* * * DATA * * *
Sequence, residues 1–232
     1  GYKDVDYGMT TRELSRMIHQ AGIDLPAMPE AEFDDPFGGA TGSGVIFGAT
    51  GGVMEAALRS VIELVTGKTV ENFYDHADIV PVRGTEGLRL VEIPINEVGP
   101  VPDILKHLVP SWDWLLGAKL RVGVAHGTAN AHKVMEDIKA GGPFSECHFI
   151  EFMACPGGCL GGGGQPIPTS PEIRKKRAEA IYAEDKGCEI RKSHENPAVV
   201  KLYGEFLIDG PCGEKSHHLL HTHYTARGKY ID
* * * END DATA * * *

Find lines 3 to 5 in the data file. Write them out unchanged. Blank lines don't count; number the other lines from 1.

    51  GGVMEAALRS VIELVTGKTV ENFYDHADIV PVRGTEGLRL VEIPINEVGP
   101  VPDILKHLVP SWDWLLGAKL RVGVAHGTAN AHKVMEDIKA GGPFSECHFI
   151  EFMACPGGCL GGGGQPIPTS PEIRKKRAEA IYAEDKGCEI RKSHENPAVV